Oxebridge has filed a formal complaint against the powerful German accreditation body Deutsche Akkreditierungsstelle (DAkkS), after it ignored a formal complaint filed with it for over a year.

In March 2021, a whistleblower reported that the ISO 9001 certification body TUV Nord Middle East was operated under the same management as that of the consulting firm FAHHS. The complaint was originally filed with TUV directly, but the accreditation body EIAC of the United Arab Emirates interceded. EIAC then found that TUV Nord Middle East was, in fact, accredited by DAkkS. Meanwhile, TUV rejected the complaint, claiming there was no impropriety between itself and FAHHS, but providing no proof. Oxebridge alerted DAkkS that it intended to file a complaint in April of 2021, giving them an opportunity to check the matter informally.

DAkkS ignored the matter.

In January of 2022, Oxebridge filed the matter with DAkkS as a formal complaint, citing specific violations by TUV Nord Middle East of the accreditation standard ISO 17021-1. DAkkS closed the complaint in March of 2022, claiming that corrective action had been taken, but refusing to provide any evidence.

Oxebridge immediately found evidence that FAHHS continued to operate under TUV Nord Middle East, and so rejected DAkkS’ response, filing a new complaint on 11 March 2022.

DAkkS then ignored the matter entirely, and cut off communication. FAHHS continues to operate in the Middle East while using the TUV name openly. The company operates a public website with both company names in the URL: www.fahsstuv.com. This appears to prove that DAkkS did nothing to address the original complaint, and may have lied to Oxebridge in order to protect the owners of FAHHS and TUV Middle East.

ISO 17021-1 prohibits an accredited certification body from operating a consulting company unless strict controls are in place. Oxebirdge found that TUV was regularly certifying the clients of FAHHS, and that the two companies co-marketed their services.

DAkkS is tasked, under IAF rules, to oversee TUV Nord Middle East to ensure it does not violate ISO 17021-1.

Now, in March of 2023, Oxebridge has escalated the matter to the European Co-Operation for Accreditation (EA), the regional body of the International Accreditation Forum (IAF) which claims to ensure bodies like TUV comply with their obligations under that standard. Oxebridge has directed EA to focus on DAkkS’ refusal to process a properly submitted complaint, and not get sidetracked by the issue related to TUV Nord Middle East.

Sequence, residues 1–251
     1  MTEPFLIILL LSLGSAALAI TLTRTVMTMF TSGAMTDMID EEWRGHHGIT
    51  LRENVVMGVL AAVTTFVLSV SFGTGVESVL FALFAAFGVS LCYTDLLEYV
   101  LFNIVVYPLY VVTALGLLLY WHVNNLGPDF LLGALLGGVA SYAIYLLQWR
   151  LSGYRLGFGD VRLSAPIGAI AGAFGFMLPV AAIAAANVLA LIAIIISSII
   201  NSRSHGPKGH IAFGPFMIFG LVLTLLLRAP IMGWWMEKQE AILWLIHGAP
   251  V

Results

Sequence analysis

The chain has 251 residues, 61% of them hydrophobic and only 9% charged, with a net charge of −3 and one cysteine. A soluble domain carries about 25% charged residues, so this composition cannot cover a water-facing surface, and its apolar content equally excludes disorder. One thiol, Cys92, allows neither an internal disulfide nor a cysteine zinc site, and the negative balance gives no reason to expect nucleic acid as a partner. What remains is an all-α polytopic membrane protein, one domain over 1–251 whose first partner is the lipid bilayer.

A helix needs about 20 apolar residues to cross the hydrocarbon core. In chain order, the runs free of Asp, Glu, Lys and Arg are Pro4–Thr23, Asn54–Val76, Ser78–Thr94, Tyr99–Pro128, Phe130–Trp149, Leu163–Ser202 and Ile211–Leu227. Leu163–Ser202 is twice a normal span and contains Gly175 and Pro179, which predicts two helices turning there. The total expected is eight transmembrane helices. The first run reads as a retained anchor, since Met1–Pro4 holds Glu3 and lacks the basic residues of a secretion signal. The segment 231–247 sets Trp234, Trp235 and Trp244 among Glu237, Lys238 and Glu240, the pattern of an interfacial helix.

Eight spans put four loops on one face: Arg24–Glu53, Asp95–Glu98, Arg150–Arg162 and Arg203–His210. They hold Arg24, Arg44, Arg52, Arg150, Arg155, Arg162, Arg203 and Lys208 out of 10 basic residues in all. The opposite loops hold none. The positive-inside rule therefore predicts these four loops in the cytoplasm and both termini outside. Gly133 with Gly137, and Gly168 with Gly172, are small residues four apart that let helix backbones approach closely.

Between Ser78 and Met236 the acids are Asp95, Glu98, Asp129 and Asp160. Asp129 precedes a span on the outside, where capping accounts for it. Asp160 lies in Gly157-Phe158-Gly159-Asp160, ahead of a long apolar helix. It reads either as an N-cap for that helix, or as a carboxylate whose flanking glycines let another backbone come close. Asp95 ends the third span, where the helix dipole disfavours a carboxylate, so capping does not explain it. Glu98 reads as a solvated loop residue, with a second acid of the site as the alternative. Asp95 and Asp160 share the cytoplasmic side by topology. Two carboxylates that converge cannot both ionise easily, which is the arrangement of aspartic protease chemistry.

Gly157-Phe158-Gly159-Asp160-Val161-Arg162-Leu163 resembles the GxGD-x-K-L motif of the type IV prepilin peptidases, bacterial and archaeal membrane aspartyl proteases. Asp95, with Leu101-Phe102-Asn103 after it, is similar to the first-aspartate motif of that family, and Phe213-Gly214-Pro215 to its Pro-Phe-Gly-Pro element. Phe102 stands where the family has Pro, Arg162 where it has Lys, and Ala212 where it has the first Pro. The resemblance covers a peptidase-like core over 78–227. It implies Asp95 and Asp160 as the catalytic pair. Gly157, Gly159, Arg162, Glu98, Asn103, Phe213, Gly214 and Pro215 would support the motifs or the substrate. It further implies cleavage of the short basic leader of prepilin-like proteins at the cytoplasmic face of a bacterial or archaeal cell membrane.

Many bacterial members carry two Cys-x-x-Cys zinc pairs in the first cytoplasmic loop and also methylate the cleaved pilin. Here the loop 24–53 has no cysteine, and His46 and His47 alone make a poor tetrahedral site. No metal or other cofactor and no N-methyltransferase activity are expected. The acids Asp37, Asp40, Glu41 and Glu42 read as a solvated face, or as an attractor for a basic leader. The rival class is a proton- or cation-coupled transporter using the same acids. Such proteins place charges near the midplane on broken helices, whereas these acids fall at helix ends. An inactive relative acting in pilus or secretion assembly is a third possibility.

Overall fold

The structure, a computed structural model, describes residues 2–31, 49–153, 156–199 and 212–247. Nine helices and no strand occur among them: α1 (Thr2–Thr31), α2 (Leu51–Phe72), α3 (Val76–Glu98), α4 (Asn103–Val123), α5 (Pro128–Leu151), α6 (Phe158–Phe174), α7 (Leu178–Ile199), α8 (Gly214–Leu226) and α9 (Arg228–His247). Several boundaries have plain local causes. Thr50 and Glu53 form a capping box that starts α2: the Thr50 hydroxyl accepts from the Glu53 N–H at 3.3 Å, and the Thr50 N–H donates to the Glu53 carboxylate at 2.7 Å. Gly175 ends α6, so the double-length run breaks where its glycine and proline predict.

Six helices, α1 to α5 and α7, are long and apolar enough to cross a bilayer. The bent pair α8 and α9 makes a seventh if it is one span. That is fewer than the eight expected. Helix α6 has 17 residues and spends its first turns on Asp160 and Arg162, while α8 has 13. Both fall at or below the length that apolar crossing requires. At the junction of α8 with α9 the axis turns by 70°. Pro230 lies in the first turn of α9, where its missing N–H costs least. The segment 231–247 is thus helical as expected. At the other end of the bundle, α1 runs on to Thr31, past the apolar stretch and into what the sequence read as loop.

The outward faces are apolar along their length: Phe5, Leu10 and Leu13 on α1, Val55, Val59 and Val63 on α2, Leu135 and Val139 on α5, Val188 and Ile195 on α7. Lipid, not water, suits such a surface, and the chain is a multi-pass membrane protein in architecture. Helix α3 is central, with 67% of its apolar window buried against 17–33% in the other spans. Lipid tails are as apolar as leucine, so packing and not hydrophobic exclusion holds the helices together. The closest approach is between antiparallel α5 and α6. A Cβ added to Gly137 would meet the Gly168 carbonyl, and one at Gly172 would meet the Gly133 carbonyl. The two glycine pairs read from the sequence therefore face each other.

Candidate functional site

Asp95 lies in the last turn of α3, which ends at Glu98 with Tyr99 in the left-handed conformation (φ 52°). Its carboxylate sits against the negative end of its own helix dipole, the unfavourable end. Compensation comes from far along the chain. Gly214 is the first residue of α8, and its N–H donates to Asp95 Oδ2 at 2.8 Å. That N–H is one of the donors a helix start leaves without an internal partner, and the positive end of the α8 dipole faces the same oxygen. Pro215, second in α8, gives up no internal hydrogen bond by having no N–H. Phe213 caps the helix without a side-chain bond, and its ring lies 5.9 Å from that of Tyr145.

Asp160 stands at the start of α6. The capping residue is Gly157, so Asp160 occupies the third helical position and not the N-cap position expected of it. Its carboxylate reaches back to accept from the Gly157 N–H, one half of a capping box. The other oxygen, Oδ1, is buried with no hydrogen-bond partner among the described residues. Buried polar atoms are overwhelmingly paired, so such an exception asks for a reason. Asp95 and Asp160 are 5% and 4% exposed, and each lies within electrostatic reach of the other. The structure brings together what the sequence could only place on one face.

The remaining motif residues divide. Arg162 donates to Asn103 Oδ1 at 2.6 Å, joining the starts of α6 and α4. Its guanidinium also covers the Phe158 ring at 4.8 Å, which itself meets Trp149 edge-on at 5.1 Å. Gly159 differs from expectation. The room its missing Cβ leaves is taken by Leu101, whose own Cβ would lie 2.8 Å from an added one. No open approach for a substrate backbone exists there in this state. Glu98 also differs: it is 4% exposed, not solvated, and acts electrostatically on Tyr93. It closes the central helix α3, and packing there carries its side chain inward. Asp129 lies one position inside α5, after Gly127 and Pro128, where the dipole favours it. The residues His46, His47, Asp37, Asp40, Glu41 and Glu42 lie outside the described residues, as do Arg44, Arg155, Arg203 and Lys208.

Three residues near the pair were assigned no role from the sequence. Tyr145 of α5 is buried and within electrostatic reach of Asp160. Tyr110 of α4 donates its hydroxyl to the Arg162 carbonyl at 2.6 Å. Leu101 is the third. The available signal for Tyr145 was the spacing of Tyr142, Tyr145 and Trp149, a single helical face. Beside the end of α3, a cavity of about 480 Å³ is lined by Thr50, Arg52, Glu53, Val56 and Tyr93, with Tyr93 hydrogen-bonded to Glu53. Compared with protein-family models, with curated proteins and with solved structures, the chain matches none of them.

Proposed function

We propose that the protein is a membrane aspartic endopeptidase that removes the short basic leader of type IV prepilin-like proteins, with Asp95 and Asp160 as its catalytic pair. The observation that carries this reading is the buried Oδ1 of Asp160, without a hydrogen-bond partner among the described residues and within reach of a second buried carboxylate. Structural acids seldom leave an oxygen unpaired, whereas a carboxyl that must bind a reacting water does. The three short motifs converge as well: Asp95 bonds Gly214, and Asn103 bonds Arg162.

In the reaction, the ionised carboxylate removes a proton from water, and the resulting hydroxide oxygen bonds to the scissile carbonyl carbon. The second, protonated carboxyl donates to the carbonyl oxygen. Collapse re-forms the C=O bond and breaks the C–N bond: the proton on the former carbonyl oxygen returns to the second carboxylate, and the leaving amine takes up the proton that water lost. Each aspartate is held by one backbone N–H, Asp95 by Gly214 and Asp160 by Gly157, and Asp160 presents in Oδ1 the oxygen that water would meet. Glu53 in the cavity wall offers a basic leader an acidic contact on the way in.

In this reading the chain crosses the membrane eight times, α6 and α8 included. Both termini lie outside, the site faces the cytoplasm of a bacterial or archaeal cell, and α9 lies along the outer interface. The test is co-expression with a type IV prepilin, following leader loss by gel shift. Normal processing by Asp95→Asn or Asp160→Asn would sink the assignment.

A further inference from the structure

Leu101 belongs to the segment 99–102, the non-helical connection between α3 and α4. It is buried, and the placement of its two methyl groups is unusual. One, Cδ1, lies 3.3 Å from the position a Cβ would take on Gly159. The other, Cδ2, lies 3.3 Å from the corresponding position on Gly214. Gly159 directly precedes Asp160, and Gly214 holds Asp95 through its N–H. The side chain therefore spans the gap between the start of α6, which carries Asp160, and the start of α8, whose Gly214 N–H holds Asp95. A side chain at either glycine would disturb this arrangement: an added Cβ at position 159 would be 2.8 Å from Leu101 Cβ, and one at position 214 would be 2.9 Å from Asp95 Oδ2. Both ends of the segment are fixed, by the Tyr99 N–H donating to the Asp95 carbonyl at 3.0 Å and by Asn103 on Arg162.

A source close to DAkkS indicated that the accreditation body does not want to “go against a rich Saudi” and so closed the matter without actually performing any oversight.

A positive outcome by EA is unlikely, as the IAF regional body typically works to “cover up” complaints in order to protect members, rather than ensure they comply with accreditation rules. EA refused to properly investigate evidence that an auditor with the accreditation body Akkreditierung Austria accepted bribes to overlook a claim that Quality Austria was simultaneously operating a consulting company in Qatar, and then certifying its own clients. EA also refused to investigate UKAS, when it was revealed that UKAS’ certification body BSI was selling ISO 9001 documentation under its “BSI Entropy” software package, and then certifying clients who used it.


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Why we report on these topics

Since 2000, Oxebridge has worked to improve ISO and related certification schemes by identifying problems and then proposing solutions. We report on issues affecting standards users because so few other news outlets do. Our belief is that in order to fix the problems in these schemes, we must first understand the nature and breadth of those problems. Our reporting aims to do just that. Elsewhere on the Oxebridge site you will find White Papers and other articles proposing ideas to correct these problems.